So Anya, the 9-year-old granddaughter, says, "Grandpa, you wanna race?"

And I had an immediate flashback, a memory from more than 20 years ago, when my son, Matt, and his friend, Derek, both members of the high school track team, challenged me to a race.

They were 15, or thereabouts, which would have made me in my early-40s. Let's just put it this way -- I was well past my prime.

But I was still playing Central League baseball, so I wasn't completely over the hill yet. On the crest of the hill for sure, but not on the downhill side.

Anyway, my competitive instincts kicked in, and I took them up on their challenge. Doggoned whippersnappers. To be honest, I expected to lose the race, but I wasn't about to give in to them without making them work for it.

So the three of us -- the two boys talking trash to the old man the entire time -- lined up along the first base line at the baseball field. The finish line was 90 feet away at second base. That was their choice, but it probably worked to my advantage.

Anyway, one of the boys said "Go," and off we went.

I'll make a long story a little shorter -- I won the race. By several strides, in fact.

I don't brag about it much, but I do remind my son of it every now and again when he gets a little uppity.

All I can say is thank goodness they didn't wait another 10 years and challenge me to another race. By then I would have been easy pickings.

Anyway, I have a little bit of experience being challenged to races by young  'uns who don't know any better.

Anya's looking up at me now, smiling with that big Cheshire cat grin I love so much. "Well, Grandpa," she said, "are you going to race me or not?"

Are you sure you want to do this? I asked.

"Yes."

You're not going to get mad if you lose? I asked.

"Nope."

Well, then I guess I'll race you.

It was a stupid thing to say. Really. I'm 64, going on 65 in a huge rush, and I hadn't run 20 feet, make that 10 feet, in probably five or six years, at least.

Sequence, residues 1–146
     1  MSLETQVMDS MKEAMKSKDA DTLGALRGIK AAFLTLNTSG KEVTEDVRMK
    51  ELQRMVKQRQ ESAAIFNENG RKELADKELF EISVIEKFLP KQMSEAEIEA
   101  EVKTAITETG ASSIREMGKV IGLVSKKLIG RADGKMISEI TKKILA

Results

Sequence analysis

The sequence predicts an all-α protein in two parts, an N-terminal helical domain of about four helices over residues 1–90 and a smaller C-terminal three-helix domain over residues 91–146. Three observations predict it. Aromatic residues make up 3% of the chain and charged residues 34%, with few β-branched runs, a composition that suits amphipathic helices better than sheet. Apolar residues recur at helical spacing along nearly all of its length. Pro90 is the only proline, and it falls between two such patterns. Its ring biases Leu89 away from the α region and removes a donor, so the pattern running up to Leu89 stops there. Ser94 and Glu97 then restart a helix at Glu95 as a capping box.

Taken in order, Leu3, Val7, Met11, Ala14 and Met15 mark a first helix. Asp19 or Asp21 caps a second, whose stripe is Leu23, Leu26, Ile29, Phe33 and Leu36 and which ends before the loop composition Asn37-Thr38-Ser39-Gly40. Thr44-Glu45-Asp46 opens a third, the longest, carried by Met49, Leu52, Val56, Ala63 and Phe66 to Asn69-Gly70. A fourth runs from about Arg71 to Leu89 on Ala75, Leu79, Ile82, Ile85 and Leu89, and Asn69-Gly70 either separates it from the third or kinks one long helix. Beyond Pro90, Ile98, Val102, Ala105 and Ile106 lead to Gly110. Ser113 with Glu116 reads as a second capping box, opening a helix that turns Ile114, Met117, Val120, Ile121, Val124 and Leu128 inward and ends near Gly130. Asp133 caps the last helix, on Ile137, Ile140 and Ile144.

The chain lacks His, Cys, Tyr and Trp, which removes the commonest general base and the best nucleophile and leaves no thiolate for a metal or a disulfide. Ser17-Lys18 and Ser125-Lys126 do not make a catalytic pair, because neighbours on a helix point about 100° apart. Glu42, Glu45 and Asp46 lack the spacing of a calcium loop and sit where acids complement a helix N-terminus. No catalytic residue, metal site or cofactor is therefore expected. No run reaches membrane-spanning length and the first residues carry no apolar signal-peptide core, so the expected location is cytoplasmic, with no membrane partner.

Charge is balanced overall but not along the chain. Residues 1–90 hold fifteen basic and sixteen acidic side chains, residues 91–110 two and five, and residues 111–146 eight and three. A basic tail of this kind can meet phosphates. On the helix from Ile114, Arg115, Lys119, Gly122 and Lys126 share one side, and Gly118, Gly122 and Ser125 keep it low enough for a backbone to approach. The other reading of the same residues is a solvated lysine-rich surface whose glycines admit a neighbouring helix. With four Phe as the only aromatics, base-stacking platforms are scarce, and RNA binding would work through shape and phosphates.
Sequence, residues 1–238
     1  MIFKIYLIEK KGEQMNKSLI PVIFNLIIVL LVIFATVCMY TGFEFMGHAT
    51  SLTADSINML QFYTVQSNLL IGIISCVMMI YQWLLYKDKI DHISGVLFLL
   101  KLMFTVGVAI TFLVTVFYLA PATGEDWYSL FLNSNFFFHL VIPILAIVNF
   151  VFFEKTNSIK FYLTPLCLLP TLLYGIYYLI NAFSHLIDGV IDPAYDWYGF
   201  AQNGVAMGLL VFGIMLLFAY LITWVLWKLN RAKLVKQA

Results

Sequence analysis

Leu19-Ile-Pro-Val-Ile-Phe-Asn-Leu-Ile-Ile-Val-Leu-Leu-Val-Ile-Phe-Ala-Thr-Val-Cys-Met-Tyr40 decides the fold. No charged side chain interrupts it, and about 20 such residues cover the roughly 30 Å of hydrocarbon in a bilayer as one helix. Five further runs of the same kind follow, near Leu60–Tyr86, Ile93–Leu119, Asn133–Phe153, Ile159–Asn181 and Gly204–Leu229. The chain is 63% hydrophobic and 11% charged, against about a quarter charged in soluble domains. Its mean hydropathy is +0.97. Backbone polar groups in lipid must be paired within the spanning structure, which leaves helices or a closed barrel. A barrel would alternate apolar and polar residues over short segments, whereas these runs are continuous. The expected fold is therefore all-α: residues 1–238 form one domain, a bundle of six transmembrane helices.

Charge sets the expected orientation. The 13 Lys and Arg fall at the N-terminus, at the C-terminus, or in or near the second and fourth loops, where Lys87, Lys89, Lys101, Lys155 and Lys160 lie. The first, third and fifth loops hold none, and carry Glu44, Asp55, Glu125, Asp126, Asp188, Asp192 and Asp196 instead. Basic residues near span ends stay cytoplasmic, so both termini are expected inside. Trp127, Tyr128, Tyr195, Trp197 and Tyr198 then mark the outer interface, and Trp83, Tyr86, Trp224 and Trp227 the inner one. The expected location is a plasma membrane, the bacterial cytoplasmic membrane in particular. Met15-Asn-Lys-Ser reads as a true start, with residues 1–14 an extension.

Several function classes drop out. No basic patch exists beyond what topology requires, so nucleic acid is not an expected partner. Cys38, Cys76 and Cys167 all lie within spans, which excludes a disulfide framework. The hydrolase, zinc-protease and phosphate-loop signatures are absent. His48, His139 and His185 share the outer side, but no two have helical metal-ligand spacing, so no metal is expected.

And for 10 years before that, when I ran it was barely a jog.

And, to be honest, even in my prime I didn't remind anyone of Jesse Owens.

I was always quicker than I was fast.

Anyway, Anya wanted to race. Why? I don't know. She's not particularly athletic. She'd normally prefer to read a book than run a race. Or so I thought.

I think I must have looked particularly old and broken down that day, and she viewed me as an easy mark.

Anyway, we lined up along the sidewalk and my daughter, Stacy, walked about 100 feet down the street to a fire hydrant that was the finish line.

Old man versus the third-grader.

Ready. Get set. Go.

And off we went. Neck and neck for about 40 feet, then I pulled ahead. Then my legs started to wobble. I am terribly out of shape. After years of playing various sports, baseball in particular, I suddenly felt like I'd never done anything athletic.

In fact, I was beginning to feel like I might fall on my face any second. My body parts were moving on their own, and I had little control over them. Just put one foot in front of the other, I kept telling myself.

In a flash, I was more concerned about doing a face-plant on the macadam then I was about winning the race.

And Anya started gaining on me.

Just stay on your feet. Don't fall down. Don't embarrass yourself. And for God's sake, don't have a heart attack.

Anya edged closer and closer.

My legs struggled to keep me upright. I was like a runaway train, out of control, muscle memory failing me, huffing and puffing and straining for the finish line.

OK, I won.

By about a stride-and-a-half. Nothing to get excited about.

To her credit, Anya took the loss like a champ. In fact, she had hardly crossed the finish line before she asked if I wanted to go for a long walk.

I was thinking "nap."

She was thinking "a long walk" around the neighborhood. Up hills and down. Steep hills.

So I went for a walk. It's what grandfathers do, I guess.

Anyway, off we went, the two young redheads, Anya and Lorelei, and me.

It's what memories are made of, for them, of course, and for me.

It'll be forever remembered, written in family history, as the day Grandpa beat Anya in a race and lived to tell the story.

Columns by Larry A. Hicks, Dispatch columnist, run Mondays, Wednesdays and Fridays. E-mail: lhicks@yorkdispatch.com.